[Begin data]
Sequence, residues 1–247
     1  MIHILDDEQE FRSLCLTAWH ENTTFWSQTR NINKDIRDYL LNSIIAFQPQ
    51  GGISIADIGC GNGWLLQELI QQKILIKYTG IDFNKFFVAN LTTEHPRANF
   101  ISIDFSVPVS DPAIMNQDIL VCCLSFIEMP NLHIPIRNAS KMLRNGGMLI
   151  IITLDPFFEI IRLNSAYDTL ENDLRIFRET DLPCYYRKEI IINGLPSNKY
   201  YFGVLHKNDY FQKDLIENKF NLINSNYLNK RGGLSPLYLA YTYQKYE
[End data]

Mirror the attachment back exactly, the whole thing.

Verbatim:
Sequence, residues 1–247
     1  MIHILDDEQE FRSLCLTAWH ENTTFWSQTR NINKDIRDYL LNSIIAFQPQ
    51  GGISIADIGC GNGWLLQELI QQKILIKYTG IDFNKFFVAN LTTEHPRANF
   101  ISIDFSVPVS DPAIMNQDIL VCCLSFIEMP NLHIPIRNAS KMLRNGGMLI
   151  IITLDPFFEI IRLNSAYDTL ENDLRIFRET DLPCYYRKEI IINGLPSNKY
   201  YFGVLHKNDY FQKDLIENKF NLINSNYLNK RGGLSPLYLA YTYQKYE